It’s Hard To Teach Your Daughter To Be Body Positive When You Want To Drop 10 Pounds”


When you have kids old enough to listen to (and understand) every word you say, you have to be careful. I’ve written before about how the way I communicate with my husband has changed as our kids have gotten older and mostly, we are cognizant and watch our mouths. However, kids can be sneaky and sometimes, they overhear things they should not. That is exactly what happened in my house this past weekend when my daughter overheard me telling my husband I wanted to lose 10 pounds. And of course, I had some explaining to do.

We have made a habit to not discuss our bodies in terms of weight in front of our kids. They know we have a scale and love to weigh themselves but beyond that, we don’t attach any particular significance to the numbers. My husband and I are both avid gym goers and generally eat well and we do make an effort to discuss our healthy choices with the kids. When we talk about food, it’s about vitamins and protein and how it gives us energy to play and do well in school. When we talk about exercise, we explain how their hearts work and that exercise helps them build strong muscles and bones. We have made every effort to never talk negatively about our bodies in front of them but that all went to shit yesterday afternoon.

She is kind of stealthy, my daughter. She has a habit of creeping up on us and before we know it, she’s heard the last five minutes of our conversation without us any the wiser. I was standing at the kitchen counter with my husband yesterday casually discussing the fact that we both wanted to drop a few pounds in advance of summer. Nothing crazy, just enough to feel a bit better in our bathing suits and a little more energetic for our summer activities of hiking and kayaking. Of course, the part my daughter latched on to was the part where I said “I want to drop 10 pounds” and boy, did she have questions.

I guess it’s a testament to the fact that so far, we’ve never let them hear us speak negatively about our weights that she was as curious and fascinated as she was. She asked me why I wanted to lose weight and if I thought I was “fat”. Yikes. I sat her down and did my best to back-pedal a little while also letting her know that sometimes, adults want to lose a little weight for their own health and that it’s ok. She is only seven so I attempted to keep it in terms she would grasp. I explained that there is a such thing as a “healthy” weight range for a person and that sometimes, people need to change how they eat and exercise to achieve it. I told her that I still feel beautiful and how my wanting to lose weight has more to do with how I feel than how I look (a total lie, but what could I say?) and although she seemed satisfied after our talk, I’m still left with a bad taste afterward and wondering if I handled it properly.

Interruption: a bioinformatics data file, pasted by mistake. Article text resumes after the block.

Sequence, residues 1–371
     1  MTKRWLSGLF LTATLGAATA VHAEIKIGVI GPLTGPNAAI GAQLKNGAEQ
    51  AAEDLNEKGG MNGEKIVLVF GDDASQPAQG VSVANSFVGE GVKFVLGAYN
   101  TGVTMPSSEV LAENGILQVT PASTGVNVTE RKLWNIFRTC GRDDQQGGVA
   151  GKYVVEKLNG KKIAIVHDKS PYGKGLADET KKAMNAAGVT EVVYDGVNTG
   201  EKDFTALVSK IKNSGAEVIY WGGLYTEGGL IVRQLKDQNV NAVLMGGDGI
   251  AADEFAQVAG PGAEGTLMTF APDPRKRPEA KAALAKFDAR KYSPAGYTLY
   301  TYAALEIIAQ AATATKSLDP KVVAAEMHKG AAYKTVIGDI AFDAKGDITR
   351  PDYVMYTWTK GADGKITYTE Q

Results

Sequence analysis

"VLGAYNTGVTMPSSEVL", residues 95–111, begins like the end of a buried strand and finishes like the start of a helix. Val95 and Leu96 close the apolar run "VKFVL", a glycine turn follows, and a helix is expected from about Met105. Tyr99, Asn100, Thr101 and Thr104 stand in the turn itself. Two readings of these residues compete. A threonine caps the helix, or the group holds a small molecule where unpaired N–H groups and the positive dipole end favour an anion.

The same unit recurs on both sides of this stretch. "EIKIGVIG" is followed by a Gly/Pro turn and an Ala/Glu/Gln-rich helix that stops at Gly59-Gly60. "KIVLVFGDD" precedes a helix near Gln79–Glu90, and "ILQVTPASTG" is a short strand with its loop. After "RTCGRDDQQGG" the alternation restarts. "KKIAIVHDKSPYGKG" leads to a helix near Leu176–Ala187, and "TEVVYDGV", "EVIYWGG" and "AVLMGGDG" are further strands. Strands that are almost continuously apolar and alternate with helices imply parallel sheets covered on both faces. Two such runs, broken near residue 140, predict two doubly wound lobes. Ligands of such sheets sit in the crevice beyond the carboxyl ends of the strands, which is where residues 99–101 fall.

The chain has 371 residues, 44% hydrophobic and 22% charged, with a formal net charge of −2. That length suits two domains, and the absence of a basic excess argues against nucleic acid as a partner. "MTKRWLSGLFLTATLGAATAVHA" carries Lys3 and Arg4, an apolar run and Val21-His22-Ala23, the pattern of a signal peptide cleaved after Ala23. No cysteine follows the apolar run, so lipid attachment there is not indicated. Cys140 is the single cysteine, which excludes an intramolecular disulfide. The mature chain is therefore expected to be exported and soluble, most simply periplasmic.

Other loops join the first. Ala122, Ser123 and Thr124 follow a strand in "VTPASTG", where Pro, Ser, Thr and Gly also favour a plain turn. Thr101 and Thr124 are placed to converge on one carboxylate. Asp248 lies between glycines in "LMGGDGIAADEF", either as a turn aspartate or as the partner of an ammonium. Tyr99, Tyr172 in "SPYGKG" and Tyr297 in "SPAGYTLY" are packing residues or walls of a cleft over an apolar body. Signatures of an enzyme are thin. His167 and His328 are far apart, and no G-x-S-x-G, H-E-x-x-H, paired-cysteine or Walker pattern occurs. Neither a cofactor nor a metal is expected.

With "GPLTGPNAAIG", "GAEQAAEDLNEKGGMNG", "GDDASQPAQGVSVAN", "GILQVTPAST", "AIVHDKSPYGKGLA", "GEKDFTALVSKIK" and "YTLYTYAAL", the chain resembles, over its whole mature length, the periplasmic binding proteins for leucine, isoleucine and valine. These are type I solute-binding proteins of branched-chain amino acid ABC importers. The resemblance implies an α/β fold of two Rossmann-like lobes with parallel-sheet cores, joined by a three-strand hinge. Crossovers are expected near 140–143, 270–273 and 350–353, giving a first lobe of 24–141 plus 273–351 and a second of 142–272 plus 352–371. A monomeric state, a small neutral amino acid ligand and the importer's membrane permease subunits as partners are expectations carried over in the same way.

I know I can’t shield her forever from the fact that people wanting to lose weight is perfectly normal and that sometimes, it is also totally necessary for health purposes but I know the way I view myself means a great deal to her now and will for years to come. We have already talked about why I wear make-up (for fun!) and that changing my appearance has nothing to do with my being unhappy with how I look but this seems like a much bigger deal. Obviously, I plan to be more careful with my words going forward but I hope I haven’t planted any seeds that I won’t be able to dig back up.

(Image: GettyImages)

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